Donnell Graham, the teenager who stabbed a Bel Air blind man to death last summer during a robbery in the victim's home, was sentenced Wednesday to life in prison with the possibility of parole.
A large crowd showed up for Graham's sentencing hearing in Harford County Circuit Court. Graham, 18, of Bel Air, pleaded guilty March 12 to a single charge of first-degree murder in the death of Patrick Xavier Ward. Robbery and weapons charges were dropped in conjunction with the plea.
Family members of Mr. Ward and Graham packed the court gallery, so much so that the case was moved from Judge William Carr's courtroom to a larger courtroom normally used by another judge. Even then, every seat was filled.
On Aug. 5, 2011, a then 17-year-old Graham broke into Mr. Ward's apartment in the 900 block of Redfield Road in Bel Air. Mr. Ward, 29, who was legally blind, was stabbed several times in his upper torso and taken to Upper Chesapeake Medical Center, where he was later pronounced dead. Graham, who lived in the same neighborhood, was arrested within hours of the crime and charged as an adult.
At Wednesday's sentencing hearing, Graham's defense attorney, Samuel Delgado, started first, requesting a "fair and just" sentence and suggesting Carr give his client a life sentence, with all but a set amount of years suspended. He also said when he first met Graham, Delgado was expecting an "indifferent" young adult who didn't care about what had happened.
He was wrong about Graham, Delgado later said, adding that Graham has accepted responsibility for his actions and that he, Delgado, found a young man who does "feel."
Delgado read aloud several letters Graham wrote to the court, Mr. Ward himself and Mr. Ward's parents. In the letters, Graham said he had attempted suicide secretly and felt that killing himself would be the only way to repay what he did to Mr. Ward.
"'Since that day, I have cried for a whole month. I couldn't eat or sleep,'" Delgado read from a letter to the court.
Graham could not say enough to make it right, Delgado said, who later added that the fact Graham was not indifferent to the crime was of "little consolation" to Mr. Ward's family.
Assistant State's Attorney Scott Lewis painted a much different picture of the murderer.
Lewis also read aloud letters from Graham, letters he wrote to family members while in the Harford County Detention Center. In these letters, Lewis said, Graham "boasted" about being well known in the jail and wrote about getting out in a few years so he could handle the "snitches."
Lewis added that Graham had a juvenile record prior to the killing and had been given several opportunities for counseling and medication to change his life, but chose not to. Graham's "true character" had not changed, the prosecutor said, also pointing out the nature of the crime, the weapon used and the wounds inflicted.
"It was a brutal crime," Lewis said. "It was a senseless crime."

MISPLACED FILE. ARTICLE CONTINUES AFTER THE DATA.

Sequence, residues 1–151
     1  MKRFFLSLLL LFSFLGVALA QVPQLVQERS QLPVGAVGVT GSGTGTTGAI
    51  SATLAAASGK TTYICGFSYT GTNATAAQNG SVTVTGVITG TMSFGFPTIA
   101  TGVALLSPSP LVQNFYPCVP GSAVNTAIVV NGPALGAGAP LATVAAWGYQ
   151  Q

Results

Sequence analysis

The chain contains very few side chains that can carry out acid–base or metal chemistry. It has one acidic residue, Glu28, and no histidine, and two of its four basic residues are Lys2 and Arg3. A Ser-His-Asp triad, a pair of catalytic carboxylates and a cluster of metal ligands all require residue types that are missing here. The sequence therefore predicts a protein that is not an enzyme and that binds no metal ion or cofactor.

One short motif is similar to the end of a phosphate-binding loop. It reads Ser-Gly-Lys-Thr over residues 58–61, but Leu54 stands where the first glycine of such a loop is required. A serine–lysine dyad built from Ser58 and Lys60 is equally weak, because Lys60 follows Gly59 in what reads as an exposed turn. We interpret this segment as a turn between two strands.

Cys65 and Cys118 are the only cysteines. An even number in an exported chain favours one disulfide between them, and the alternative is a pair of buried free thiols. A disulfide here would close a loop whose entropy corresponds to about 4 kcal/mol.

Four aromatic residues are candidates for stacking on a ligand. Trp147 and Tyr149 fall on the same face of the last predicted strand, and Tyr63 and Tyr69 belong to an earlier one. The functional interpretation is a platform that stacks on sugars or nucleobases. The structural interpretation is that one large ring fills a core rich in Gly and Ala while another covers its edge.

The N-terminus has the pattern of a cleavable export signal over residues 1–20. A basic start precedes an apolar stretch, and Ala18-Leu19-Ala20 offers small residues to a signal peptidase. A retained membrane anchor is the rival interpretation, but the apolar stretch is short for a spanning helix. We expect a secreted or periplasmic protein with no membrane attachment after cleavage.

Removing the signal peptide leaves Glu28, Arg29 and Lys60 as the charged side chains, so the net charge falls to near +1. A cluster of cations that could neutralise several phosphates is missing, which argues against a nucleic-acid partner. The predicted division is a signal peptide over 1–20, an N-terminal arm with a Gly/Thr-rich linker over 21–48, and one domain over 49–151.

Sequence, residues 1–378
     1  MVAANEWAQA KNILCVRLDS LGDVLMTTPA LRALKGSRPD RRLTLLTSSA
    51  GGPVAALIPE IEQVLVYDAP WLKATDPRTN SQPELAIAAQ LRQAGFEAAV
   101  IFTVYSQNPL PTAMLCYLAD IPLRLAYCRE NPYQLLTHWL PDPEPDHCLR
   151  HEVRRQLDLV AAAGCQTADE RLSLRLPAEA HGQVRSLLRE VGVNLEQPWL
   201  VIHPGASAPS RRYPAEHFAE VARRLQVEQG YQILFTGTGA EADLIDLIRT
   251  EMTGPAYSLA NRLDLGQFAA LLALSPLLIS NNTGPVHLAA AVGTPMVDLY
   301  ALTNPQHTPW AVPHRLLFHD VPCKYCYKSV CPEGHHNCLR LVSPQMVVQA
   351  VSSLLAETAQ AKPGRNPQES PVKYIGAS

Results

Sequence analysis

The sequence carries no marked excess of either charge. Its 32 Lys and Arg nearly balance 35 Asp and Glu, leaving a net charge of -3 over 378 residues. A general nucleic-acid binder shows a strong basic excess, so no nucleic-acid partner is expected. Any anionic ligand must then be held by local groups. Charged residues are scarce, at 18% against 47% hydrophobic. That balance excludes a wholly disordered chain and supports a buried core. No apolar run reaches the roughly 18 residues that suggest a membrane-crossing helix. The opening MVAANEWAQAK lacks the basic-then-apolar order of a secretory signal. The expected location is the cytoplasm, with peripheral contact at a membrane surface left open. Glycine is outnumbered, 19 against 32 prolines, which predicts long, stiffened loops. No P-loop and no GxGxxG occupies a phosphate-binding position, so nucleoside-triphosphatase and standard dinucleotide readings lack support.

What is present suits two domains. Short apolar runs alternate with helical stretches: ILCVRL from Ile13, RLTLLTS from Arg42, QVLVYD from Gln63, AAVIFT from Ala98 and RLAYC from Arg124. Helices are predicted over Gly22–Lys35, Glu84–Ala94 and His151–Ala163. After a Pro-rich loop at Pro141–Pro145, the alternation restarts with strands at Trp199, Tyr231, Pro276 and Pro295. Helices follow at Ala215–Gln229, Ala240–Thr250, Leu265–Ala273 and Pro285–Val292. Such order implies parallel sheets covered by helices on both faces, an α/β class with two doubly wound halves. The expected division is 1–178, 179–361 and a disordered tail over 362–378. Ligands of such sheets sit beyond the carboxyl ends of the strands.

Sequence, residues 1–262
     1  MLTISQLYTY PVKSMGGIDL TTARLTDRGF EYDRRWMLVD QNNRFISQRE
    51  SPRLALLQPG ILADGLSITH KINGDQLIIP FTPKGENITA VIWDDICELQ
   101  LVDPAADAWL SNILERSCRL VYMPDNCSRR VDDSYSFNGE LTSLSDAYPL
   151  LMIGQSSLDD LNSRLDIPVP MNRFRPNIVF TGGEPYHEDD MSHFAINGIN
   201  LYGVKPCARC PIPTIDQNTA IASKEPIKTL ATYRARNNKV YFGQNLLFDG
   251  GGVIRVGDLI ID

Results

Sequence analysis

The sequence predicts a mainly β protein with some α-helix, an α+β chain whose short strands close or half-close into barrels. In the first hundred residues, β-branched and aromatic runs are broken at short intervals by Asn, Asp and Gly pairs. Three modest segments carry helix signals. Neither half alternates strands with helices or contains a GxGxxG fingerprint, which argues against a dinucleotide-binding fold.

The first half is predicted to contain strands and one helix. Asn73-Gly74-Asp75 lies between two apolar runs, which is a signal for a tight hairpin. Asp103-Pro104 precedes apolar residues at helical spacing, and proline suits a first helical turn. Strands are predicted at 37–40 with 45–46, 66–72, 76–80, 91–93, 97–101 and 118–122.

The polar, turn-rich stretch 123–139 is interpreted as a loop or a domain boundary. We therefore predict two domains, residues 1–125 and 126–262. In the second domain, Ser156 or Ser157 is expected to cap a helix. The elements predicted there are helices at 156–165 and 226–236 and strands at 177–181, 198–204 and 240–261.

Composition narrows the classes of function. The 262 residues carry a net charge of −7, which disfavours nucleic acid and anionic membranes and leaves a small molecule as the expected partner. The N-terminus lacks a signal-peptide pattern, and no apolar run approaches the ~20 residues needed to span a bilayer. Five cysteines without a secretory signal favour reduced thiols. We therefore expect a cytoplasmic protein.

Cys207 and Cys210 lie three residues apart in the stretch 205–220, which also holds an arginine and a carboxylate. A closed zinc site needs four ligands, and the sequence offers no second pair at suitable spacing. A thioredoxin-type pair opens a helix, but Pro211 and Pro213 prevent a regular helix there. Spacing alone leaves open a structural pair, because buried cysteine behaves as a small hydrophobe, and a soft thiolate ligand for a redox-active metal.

Earlier in the proceedings, Carr said he had received and reviewed impact statements from members of each family and during the sentencing, only Mr. Ward's parents, William and Kathleen Ward, addressed the court.
The parents talked about their son, whose severe eczema eventually led to him becoming legally blind.
Although Mr. Ward was on food stamps and received disability checks, he was generous "to a fault," William Ward said of his son.
"There was no reason to rob from him because he would freely give away every thing he had," Ward said.
Kathleen Ward called her a son a "bright, shining light" who was close with his brother and was an integral part of their family's lives and daily routine. She said the crime shouldn't have happened to someone who had already fought so hard to overcome life's obstacles.
Before he sentenced Graham, Carr acknowledged that Graham had led a difficult life, one that "most people should not have to lead." But the judge also pointed out that Graham was given chances to change his life and Mr. Ward did not deserve what happened to him.
It was to Graham's "credit" that he owned up to the crime, Carr said, adding that the only appropriate sentence was life, which is the maximum sentence allowed.
Graham will be eligible for parole under terms of his plea. In Maryland, the governor must approve parole for inmates who are serving life sentences.
As he left the courtroom, Graham briefly turned back to his family to tell them he loved them and would "keep his head up."
In a press release Thursday, Harford States Attorney Joseph Cassilly clarified that although Graham is eligible for parole that did not guarantee his release because "lifers must get approved by the governor before they are released and that rarely happens."
Cassilly also thanked the residents of Harford County and police officers for their work and help in the investigation.Copyright © 2014, The Baltimore Sun